15 January 2014

Where Exactly Does the End Begin in a Novel, Memoir, Screenplay?

I've read Blockbuster Plots about five times and seen all your wonderful Youtube vids (thanks!). But it seems like the line initiating the third acts changes a lot. On Pinterest, you have it coming just after the low point after the crisis. Others with examples on the same page put it before. And in your book, it comes even later, right before the climax.

Can you clarify about the right time for a third act to appear? Thanks!
Every Plot Planner you refer to shows the End beginning in different places because different artists created the different Plot Planners for me. In my webinars, the line initiating the End is different than all the others.

Another reason why the line is different on all the Plot Planners is because the End is determined by the story itself.

In high action stories and lots of screenplays, the distance between the crisis and the climax in scene and page count is much shorter than say literary fiction and some genres.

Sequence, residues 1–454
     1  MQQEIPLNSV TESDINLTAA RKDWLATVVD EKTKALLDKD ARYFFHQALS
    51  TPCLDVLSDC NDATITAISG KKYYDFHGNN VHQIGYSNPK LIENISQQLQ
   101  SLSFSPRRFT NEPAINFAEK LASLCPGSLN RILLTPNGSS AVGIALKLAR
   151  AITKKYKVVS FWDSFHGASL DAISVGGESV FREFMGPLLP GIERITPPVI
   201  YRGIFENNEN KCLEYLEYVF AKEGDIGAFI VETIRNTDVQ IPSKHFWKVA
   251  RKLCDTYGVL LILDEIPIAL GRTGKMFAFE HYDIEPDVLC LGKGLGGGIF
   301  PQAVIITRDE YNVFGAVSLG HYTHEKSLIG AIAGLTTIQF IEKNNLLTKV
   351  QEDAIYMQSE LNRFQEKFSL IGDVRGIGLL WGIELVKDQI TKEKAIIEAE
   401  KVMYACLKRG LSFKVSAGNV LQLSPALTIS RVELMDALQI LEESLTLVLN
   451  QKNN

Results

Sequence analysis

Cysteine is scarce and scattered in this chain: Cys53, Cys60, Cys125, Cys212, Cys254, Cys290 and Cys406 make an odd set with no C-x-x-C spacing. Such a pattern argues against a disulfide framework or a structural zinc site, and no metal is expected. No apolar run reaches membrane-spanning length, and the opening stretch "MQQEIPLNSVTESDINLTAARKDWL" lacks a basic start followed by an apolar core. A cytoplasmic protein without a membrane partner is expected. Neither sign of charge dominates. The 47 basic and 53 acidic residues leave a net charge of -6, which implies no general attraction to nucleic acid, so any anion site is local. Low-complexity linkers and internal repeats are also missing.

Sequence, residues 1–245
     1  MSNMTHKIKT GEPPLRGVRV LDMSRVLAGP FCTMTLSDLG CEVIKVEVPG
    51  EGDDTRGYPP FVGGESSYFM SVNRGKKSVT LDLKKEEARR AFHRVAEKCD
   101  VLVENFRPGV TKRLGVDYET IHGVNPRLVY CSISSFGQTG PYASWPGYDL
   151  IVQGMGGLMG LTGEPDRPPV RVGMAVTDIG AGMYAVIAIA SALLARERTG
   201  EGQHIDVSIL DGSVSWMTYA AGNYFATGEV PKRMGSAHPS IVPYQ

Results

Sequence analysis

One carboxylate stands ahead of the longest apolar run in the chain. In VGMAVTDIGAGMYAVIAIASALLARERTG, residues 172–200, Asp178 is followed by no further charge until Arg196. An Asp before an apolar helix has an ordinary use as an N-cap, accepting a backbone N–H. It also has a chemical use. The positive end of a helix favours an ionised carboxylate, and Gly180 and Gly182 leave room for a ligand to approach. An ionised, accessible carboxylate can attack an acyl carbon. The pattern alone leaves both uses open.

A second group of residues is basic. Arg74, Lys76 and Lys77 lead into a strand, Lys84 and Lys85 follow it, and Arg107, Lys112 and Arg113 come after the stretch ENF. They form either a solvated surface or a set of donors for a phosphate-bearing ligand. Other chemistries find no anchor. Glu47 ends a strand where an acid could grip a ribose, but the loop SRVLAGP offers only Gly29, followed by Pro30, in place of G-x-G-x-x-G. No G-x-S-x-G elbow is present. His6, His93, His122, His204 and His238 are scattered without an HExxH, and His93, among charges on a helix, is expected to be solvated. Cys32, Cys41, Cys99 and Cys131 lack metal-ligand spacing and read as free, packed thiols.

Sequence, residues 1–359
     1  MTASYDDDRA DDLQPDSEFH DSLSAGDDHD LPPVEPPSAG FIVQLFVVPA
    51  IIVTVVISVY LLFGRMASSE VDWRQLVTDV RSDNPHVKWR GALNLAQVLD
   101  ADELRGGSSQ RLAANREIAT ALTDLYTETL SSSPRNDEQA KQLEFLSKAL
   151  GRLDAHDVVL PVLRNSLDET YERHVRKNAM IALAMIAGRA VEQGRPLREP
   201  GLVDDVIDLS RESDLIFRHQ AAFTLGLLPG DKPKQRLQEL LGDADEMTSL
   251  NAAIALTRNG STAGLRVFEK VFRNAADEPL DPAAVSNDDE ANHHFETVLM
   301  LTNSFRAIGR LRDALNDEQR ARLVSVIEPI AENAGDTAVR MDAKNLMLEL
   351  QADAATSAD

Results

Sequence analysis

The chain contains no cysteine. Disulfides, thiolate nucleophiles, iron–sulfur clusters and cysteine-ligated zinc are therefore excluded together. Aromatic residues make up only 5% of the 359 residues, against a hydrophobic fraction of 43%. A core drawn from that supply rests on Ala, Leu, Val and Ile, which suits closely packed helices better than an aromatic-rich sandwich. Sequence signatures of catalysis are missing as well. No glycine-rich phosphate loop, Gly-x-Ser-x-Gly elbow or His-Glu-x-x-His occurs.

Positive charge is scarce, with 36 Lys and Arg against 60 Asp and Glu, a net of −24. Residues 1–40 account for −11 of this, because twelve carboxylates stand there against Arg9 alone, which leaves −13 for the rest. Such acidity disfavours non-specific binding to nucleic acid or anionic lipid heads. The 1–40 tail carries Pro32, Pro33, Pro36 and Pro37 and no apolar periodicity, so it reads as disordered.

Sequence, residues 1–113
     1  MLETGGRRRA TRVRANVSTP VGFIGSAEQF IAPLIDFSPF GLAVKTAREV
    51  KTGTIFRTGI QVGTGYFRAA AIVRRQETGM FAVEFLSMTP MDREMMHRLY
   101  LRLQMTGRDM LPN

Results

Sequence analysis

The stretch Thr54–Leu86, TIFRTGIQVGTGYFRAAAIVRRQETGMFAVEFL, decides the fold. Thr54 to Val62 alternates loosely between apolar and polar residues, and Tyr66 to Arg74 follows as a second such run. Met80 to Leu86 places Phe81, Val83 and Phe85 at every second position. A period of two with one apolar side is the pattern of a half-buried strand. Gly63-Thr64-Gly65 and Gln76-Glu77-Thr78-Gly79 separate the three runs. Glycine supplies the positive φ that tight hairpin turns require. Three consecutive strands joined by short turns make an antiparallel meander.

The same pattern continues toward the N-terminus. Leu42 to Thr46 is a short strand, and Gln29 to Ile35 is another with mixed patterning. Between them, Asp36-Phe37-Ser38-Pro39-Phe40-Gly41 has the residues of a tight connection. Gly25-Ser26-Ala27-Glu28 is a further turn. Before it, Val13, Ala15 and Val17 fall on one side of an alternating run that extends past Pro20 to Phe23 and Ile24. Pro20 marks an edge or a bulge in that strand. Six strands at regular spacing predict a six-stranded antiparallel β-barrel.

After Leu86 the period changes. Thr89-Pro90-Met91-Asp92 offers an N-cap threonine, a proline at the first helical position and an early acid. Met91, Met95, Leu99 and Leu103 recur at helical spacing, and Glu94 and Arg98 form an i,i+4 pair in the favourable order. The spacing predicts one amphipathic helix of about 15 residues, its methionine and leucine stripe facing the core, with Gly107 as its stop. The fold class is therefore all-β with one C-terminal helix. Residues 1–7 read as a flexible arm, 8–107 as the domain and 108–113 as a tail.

Thresholds Hold Tension
By slowing the action and drama after the crisis, when the energy rises to announce the final quarter, the story moves quickly and with maximum impact to the end.

The protagonist estimates what is necessary for ultimate success in achieving her goal. She gathers the attributes, things, and people to take forward with her on the final journey to the end. She leaves behind everything that does not serve the highest good.

The final quarter of the story shows the protagonist taking action without hesitation. The character may have thought about the actions she intends to take to accomplish her goal and even voiced them, but until she acts her words are meaningless.

The moment she moves toward her long-term goal, the final one-quarter of the story begins. The dramatic action is designed to get the protagonist to the right place at the right time to seize back her personal power from the antagonist that best represents the thematic significance of the entire story.

In The Lace Reader, Calvin represents all that the protagonist has lost. To break free of the hell in which her fear has held her for fifteen years, she must face him, face her greatest fear.
**Excerpt from The Plot Whisperer: Secrets of Story Structure Any Writer Can Master named BEST BOOKS FOR WRITERS by Poets and Writers

If you'd like more, join me at an upcoming online video-chat plot workshop a writers conference, picture book workshop , middle grade and young adult intensive , and writer's plot and scene retreat and read my plot books.